Henry Oberbeck Recovers in Contract Lawsuit Against St. Louis Browns

Oberbeck v. Sportsman’s Park & Club Ass’n, 17 Mo.App. 310 (Mo. App., 1885)

What happened?

Henry Oberbeck had a relatively uneventful career in professional baseball, playing for four teams over two seasons as a third baseman, outfielder and pitcher.  At the plate, he compiled a .176 lifetime batting average in 238 at bats and was 0-5 with an earned run average of 5.30 on the mound.  

Oberbeck was signed to a contract with the St. Louis Browns that would pay him a total of $785 (approximately $18,255 today) for the 1883 season lasting from May 23rd through October 31st.  By June 23rd, he had appeared in four games as an outfielder and was hitless in 14 at bats.

He was then informed that the Browns no longer needed his services and was discharged, having been paid only $150 of the agreed upon contract amount.  The Browns refused to pay Oberbeck the remaining salary, prompting him to sue for the balance.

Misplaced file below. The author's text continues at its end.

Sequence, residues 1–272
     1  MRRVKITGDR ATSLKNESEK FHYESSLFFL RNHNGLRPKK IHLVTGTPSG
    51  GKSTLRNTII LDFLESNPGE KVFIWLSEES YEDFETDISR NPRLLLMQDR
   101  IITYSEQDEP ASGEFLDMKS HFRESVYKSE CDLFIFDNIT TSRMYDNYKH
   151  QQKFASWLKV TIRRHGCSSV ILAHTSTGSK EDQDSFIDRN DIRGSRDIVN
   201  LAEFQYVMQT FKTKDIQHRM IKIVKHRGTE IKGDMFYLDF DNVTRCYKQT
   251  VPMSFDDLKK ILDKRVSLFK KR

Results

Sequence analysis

The Browns claimed that there were actually two separate contracts signed, the first of which had not been approved by the American Association.  They claimed that the second contract included the right on the part of the Browns to terminate employment at any time.  Oberbeck denied he had executed the second contract and relied on the fact that the first contract did not allow the Browns to unilaterally cancel his contract.

The case proceeded to trial and the jury was instructed that if they found Oberbeck had signed the second contract, he would not be entitled to recover.  If they instead found that Oberbeck had not signed the second contract, he would be assessed damages in the amount of $635, less any amounts that he had earned or might have earned “by reasonable diligence” between the date of discharge and October 31, 1883.

Who won?

The jury awarded damages to Henry Oberbeck having found that Oberbeck had not signed the second contract.

The appeal

The Browns appealed, claiming that the court erred in its jury instructions by failing to include the possibility that both contracts could be construed together as part of the same contract. 

Who won the appeal?

Henry Oberbeck.  The appellate court found that the jury had been instructed properly and adopted plaintiff’s version of the transaction, which was “borne out by sufficient evidence.”

Oberbeck played professionally in 1884 for the Baltimore Monumentals and Kansas City Cowboys of the Union Association.  He was out of professional baseball by the time this case was decided.

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